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Long-Term Care: What Are the Real Risks?

My post last Monday -- Should You Buy Long-Term Care Insurance -- kicked off a series of posts on this important topic. This post helps you assess the likelihood that you'll incur high costs for long-term care.

For some time, insurance companies selling long-term care insurance have cited statistics like these:

  • Two-thirds of people aged 65 and over will need long-term care in their lifetime.
  • A stay in a nursing home can cost over $70,000 per year.
While these alarming statements may be true, they tell an incomplete story.

The first statistic may include stays at skilled nursing facilities that are covered by Medicare, for instance, or they can include people who receive care from friends and families -- both of which would significantly reduce one's out-of-pocket requirements. And not everybody who needs long-term care will have a lengthy stay in a nursing home that costs $70,000 per year. So while two-thirds of people may need long-term care at some point in their lifetime, not all of them will have trouble paying for it.

A more useful set of statistics come from a comprehensive paper written by researchers and academics entitled Long-Term Care over an Uncertain Future: What Can Current Retirees Expect? This report, released in 2005, estimates the full range of out-of-pocket expenditures that people might expect to spend over their lifetime. For instance, according to this study:

  • 42 percent of people turning age 65 will have no private out-of-pocket costs for long-term care over their lifetime.
  • 19 percent of those turning 65 will have out-of-pocket costs under $10,000 over their lifetime.
  • 8 percent will have costs between $10,000 and $25,000.
  • 14 percent will have costs from $25,000 to $100,000.
  • 11 percent will have costs over their lifetime from $100,000 to $250,000.
  • 5 percent will have costs of $250,000 or more.
A few notes about these statistics: The above amounts are discounted present values - in other words, they estimate how much you'd need in the bank at age 65 to cover projected long-term care expenses over your entire lifetime. Also, cost estimates would certainly have increased somewhat since 2005. Finally, costs can vary widely by state, as I'll cover in future posts.

Let's dig a little deeper on assessing the threat of ruinous long-term care bills. What are the odds you'll need long-term care in your lifetime, and for how long? The report cited above estimates that for people turning age 65 in 2005, 69 percent of this group will need some form of long-term care over their lifetime, for three years on average. Of this period, 1.9 years will be provided at home, with 1.1 years provided at any type of formal facility. Looking at the most expensive facilities - nursing homes and assisted living facilities - nine percent of this group will need care for two to five years, and eight percent will need care for more than five years.

The above estimates tell us that most people will be able to afford to pay for long-term care services, possibly with some modest hardship. However, there is a small group of people who could have very high long-term care expenses. For example, the study cited above estimates that 5 percent of the post-age 65 population will have long-term care expenses of $250,000 or more. This illustrates the classic need for insurance -- an event that has a low chance of occurring and is somewhat unpredictable, but with high costs if the event occurs.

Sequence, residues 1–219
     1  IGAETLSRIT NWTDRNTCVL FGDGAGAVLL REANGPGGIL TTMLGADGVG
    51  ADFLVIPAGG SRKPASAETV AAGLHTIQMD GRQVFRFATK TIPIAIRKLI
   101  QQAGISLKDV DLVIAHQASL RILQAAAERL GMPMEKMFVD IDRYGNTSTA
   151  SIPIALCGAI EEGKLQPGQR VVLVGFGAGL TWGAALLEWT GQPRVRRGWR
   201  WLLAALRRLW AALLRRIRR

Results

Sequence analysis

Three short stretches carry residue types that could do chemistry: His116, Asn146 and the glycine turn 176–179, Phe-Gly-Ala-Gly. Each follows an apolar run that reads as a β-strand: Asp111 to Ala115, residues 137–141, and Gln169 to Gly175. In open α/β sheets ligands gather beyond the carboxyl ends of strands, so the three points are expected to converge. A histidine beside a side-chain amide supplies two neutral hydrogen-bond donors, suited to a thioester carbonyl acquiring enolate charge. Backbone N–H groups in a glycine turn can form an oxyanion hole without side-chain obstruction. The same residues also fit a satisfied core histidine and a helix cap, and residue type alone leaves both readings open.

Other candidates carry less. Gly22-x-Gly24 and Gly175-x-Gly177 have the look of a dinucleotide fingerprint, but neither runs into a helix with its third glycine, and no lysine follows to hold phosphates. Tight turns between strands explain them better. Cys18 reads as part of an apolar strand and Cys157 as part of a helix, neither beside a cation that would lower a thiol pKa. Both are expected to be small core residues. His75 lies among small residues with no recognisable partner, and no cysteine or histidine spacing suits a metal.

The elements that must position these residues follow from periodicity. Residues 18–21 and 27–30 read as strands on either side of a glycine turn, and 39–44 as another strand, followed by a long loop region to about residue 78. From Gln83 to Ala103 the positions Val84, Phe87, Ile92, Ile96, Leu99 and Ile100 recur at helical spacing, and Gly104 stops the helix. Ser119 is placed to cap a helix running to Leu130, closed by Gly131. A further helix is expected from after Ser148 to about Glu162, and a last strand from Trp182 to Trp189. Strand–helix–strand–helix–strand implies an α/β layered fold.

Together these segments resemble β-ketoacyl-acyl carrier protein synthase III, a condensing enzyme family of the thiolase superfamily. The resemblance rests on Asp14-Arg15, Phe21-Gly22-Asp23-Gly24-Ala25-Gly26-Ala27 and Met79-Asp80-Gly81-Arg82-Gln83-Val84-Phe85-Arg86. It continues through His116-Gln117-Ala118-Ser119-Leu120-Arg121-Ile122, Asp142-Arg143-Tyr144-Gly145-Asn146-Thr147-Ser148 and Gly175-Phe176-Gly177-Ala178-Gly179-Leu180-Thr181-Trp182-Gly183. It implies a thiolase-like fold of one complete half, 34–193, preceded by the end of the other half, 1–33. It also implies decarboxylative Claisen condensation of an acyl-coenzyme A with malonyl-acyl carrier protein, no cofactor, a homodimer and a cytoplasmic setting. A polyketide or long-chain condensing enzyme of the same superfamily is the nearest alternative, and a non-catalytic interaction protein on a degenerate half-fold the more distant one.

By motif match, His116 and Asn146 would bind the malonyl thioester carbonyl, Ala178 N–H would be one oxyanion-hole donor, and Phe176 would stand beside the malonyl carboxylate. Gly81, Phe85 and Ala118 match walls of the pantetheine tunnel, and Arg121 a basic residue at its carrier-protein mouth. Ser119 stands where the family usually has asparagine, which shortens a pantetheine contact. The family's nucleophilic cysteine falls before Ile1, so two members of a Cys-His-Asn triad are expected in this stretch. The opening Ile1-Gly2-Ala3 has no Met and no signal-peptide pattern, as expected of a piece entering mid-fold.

Let's get back to assessing the financial threat. Different circumstances call for different solutions. For example, people with substantial financial resources most likely can self-insure by paying for long-term care expenses out-of-pocket. For this purpose, I suggest that you consider "substantial assets" to be over $1 million for an individual, and over $2 million for a couple. One exception to this guideline: If your goal is to pass along all your assets to your heirs, you might want to buy long-term care insurance so that your assets aren't depleted by long-term care expenses.

On the other end of the spectrum, people with low income and minimal assets can't afford to pay for long-term care insurance premiums, and they can't pay much out-of-pocket for long-term care expenses, either. These people will need to rely on friends and family or government assistance.

This leaves the vast middle and upper-middle class, where the threat of long-term care expenses is greatest. Given the prevalence of unhealthy lifestyles, coupled with the geographic separation of family members, millions of older Americans are vulnerable to the threat of high long-term care expenses.

That's the bad news. The good news is that you have a few strategies for dealing with the threat of high long-term care expenses, including, but not limited to, buying long-term care insurance.

As part of my continuing series on long-term care, my post next Monday will summarize various ways to obtain long-term care services and their costs. Subsequent posts will summarize strategies for addressing the threat of long-term care expenses, and I'll make use of the study cited above to help guide you to the strategy that might work best for you.

Two of my favorite expressions are particularly apt for the threat of long-term care expenses:

  • Worry is not preparation, and
  • Hope is not a good strategy.

Whatever your circumstances, go beyond worrying and hoping, and do something to protect yourself and your loved ones from this threat!

Image from iStockphoto contributor ManoAfrica
More on CBS MoneyWatch
Should You Buy Long-Term Care Insurance?
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